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To some people in no-means-no 2016, this could be a deal breaker. Also the moment when Matthew grabs Sally’s wrist and won’t let go. Wilson’s play was written in 1979. Would it/could it be written today? Probably not, but neither could many of the plays now on stage in the Twin Cities. In “Talley’s Folly,” all’s well that ends well. Two damaged people find happiness with each other.

Which is not a spoiler, because the play isn’t about that reveal. It’s about the language used to get there. “Talley’s Folly” is a banquet of language. (Early on, Matthew tells Sally, “I don’t have a speaking vocabulary. I have a reading vocabulary.”) It also depends heavily on chemistry between the actors, and their ability to communicate to the audience what they see in each other and why we should care.

Beukema and Newhard have that crucial chemistry, more slow-ish burn than sparks, and we come to see how smart and funny, lyrical and sincere Matthew is, and how thoughtful, profound and worthy Sally is. Because the play is so wordy, it’s up to the director to keep things moving – physically within the confines of the set, and emotionally in a way that doesn’t seem rushed, forced or false. That’s Timberman’s job, and she does it well.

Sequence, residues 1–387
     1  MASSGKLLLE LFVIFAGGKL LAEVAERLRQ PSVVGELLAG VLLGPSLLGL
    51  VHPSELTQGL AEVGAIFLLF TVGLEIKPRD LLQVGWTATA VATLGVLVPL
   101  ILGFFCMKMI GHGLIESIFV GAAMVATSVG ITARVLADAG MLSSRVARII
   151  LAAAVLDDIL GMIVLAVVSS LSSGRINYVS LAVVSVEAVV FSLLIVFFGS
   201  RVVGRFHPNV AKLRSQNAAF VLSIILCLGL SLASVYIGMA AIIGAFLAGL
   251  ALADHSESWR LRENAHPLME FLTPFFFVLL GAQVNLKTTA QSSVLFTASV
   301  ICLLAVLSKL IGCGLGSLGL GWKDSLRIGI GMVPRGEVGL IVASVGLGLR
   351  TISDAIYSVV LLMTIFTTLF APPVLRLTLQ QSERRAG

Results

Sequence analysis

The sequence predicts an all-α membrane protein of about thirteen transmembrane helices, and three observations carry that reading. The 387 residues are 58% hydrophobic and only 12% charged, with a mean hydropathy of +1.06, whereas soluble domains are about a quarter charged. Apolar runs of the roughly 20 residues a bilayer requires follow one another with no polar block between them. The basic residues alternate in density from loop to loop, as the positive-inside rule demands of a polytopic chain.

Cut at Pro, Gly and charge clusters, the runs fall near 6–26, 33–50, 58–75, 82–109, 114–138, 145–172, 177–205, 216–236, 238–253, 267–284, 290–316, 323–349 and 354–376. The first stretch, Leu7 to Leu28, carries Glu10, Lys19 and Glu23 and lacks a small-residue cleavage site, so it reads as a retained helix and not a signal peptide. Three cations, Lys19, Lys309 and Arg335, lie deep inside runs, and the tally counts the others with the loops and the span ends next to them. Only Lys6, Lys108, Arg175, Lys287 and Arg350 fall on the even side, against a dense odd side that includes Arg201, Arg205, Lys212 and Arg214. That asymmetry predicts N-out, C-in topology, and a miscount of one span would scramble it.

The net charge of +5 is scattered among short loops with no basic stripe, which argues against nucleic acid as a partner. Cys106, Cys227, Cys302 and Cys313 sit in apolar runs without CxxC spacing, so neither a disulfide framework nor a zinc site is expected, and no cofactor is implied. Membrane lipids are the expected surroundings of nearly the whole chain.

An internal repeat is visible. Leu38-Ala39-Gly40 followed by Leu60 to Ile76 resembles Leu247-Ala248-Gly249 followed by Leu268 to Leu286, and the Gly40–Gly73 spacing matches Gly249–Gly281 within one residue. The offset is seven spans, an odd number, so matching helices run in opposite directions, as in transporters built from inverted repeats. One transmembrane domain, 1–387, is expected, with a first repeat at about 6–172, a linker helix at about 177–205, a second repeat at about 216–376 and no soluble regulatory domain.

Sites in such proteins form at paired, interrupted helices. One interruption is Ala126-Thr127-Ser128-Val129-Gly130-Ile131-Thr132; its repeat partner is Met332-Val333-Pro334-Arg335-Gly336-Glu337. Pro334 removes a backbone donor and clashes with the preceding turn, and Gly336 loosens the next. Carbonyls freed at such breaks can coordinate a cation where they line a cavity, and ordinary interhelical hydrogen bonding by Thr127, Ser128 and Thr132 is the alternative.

Beukema and Newhard are both young actors we’d like to see more of. (This is Beukema’s fifth role at Artistry, Newhard’s second.) Timberman can be proud of her debut as a director. And “Talley’s Folly” won’t eat up an entire evening or afternoon of your life. Remember: 97 minutes. FMI and tickets ($30/$26 seniors/$21 under 18). Ends July 24.


Announced earlier this month, Artistry’s 2016-17 season features seven shows, three (including “Talley’s Folly”) in the intimate Black Box Theater and four in the Schneider Theater. Four are musicals. Aug. 12-Sept. 11: “The Drowsy Chaperone,” featuring Tod Peterson. Oct. 21-Nov. 12: “The Baker’s Wife,” with music by Steven Schwartz (“Godspell,” “Pippin,” “Wicked”). Jan. 20-Feb. 19, 2017: “Little Shop of Horrors.” Feb. 10-26: “Bad Dates,” a comedic one-woman show by Theresa Rebeck. April 14-May 14: “The Secret Garden,” a musical based on the children’s book. May 4-21: “Wit” by Margaret Edson,” with Sally Wingert. Tickets are available now.